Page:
design et al are delighted to announce that Blocher Blocher Partners have been shortlisted for a Residential £5million Plus (Project by Value) Award in The International Design and Architecture Awards 2016
How do you build something truly modern in India? This villa gives an answer: Exposed concrete combines straightforwardness and sophisticated air-conditioning technology with the ancient principles of Vastu.
Footsteps scurry across the cool marble floor, past a group of comfortable chairs and the red Afghan carpet. Despite its size – 4×5 meters – the carpet seems almost modest in this giant hall, with its six-meter-high ceilings; here, the residential wing, guest lounge and private area meet, harmoniously linking the private and public space in this 28-room villa. Both the ground floor and first floor have a continuous veranda, protected behind a curtain of teak slats, whose elements decorate the concrete core like a light fabric cover. These movable slats lend rhythm and structure to the house: a modern interpretation of classical ornamentation. The doubled veranda, for its part, corresponds with an internal passageway that leads from the home cinema on the northern end straight into the homeowner’s office. Between these poles are apartments for guests and the grandparents.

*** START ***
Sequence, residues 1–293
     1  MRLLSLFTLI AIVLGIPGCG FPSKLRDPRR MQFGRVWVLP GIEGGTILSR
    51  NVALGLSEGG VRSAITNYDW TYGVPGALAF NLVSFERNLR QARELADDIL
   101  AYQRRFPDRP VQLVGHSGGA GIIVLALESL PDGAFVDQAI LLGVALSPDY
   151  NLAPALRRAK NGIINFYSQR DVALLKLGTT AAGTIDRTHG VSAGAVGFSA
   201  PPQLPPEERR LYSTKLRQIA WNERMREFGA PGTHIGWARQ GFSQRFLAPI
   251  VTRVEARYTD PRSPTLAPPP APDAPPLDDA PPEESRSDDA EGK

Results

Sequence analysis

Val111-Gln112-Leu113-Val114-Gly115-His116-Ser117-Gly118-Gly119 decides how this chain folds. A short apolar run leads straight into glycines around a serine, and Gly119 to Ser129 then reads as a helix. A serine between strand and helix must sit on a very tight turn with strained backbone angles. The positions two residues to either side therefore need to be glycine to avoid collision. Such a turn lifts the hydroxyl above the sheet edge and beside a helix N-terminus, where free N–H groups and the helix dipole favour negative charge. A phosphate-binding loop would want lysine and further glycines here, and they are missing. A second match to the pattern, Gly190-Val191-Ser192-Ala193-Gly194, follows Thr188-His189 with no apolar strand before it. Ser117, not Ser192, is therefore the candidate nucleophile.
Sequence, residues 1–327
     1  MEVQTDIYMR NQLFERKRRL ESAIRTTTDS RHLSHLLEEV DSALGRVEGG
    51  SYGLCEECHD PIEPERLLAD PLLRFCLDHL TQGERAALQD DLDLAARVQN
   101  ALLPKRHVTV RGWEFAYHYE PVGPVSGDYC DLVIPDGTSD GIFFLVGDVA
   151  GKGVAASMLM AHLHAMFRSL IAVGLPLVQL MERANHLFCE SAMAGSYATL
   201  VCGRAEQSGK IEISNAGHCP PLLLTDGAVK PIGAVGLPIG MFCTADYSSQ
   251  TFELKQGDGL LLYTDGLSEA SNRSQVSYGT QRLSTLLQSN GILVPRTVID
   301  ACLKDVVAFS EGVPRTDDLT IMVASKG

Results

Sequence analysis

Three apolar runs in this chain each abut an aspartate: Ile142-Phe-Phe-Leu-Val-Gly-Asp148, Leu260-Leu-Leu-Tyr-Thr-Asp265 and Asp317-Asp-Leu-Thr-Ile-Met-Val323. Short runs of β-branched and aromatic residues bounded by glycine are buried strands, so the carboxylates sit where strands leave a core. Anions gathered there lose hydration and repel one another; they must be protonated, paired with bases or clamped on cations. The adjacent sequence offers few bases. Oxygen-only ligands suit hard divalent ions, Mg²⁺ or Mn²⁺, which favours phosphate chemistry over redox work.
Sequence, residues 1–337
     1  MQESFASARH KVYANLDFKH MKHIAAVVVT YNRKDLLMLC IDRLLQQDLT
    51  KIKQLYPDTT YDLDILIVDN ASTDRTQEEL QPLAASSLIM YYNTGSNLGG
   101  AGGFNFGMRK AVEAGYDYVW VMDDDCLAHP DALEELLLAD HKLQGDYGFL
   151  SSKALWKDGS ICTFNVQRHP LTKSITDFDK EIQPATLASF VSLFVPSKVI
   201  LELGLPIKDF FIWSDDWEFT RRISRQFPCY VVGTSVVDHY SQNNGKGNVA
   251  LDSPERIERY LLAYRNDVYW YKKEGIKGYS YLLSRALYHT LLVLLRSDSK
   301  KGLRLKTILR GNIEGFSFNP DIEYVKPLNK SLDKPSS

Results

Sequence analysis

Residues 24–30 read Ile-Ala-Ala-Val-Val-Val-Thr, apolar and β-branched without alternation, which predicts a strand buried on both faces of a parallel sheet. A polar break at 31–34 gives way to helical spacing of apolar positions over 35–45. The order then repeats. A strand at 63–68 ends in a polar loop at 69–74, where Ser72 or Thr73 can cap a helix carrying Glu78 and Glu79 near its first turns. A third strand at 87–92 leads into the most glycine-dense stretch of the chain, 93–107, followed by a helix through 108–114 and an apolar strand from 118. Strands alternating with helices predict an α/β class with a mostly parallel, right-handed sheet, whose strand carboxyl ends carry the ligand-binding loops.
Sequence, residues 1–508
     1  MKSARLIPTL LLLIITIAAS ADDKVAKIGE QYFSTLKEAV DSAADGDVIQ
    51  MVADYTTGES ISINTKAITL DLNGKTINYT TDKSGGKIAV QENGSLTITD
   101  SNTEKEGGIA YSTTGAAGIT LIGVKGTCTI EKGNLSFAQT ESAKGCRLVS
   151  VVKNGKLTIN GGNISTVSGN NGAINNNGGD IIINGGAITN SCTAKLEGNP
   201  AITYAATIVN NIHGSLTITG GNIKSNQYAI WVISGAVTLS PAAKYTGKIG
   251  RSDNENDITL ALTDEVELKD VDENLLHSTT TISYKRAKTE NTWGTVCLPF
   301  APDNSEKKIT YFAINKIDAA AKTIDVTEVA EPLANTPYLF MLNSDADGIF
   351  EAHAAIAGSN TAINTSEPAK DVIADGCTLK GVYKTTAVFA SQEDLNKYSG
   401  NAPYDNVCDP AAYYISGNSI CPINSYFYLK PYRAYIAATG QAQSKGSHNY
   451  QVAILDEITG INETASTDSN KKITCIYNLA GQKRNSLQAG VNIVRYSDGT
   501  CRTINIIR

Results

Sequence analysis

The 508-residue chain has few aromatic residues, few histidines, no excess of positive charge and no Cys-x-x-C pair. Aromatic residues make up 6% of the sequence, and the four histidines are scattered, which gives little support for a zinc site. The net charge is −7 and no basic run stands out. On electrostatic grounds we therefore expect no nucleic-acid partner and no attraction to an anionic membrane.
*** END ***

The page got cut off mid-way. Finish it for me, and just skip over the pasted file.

The children’s bedrooms are on the first floor; each has its own dressing room and bath. On the far southern end, sheltered under a massive concrete frame, is the master bedroom. From here, the view opens out over the cooling waters of the pool and the trees of the park, ultimately losing itself in the horizon. An element that is essential to the sense of wellbeing is the interplay of materials that can either cool or warm the space: Up lights emphasise the surface of hand-hewn sandstone from Rajasthan, whose golden tone sparkles in the cool marble flooring. The combination of concrete, teak and Jura marble lends elegance and warmth to the interior.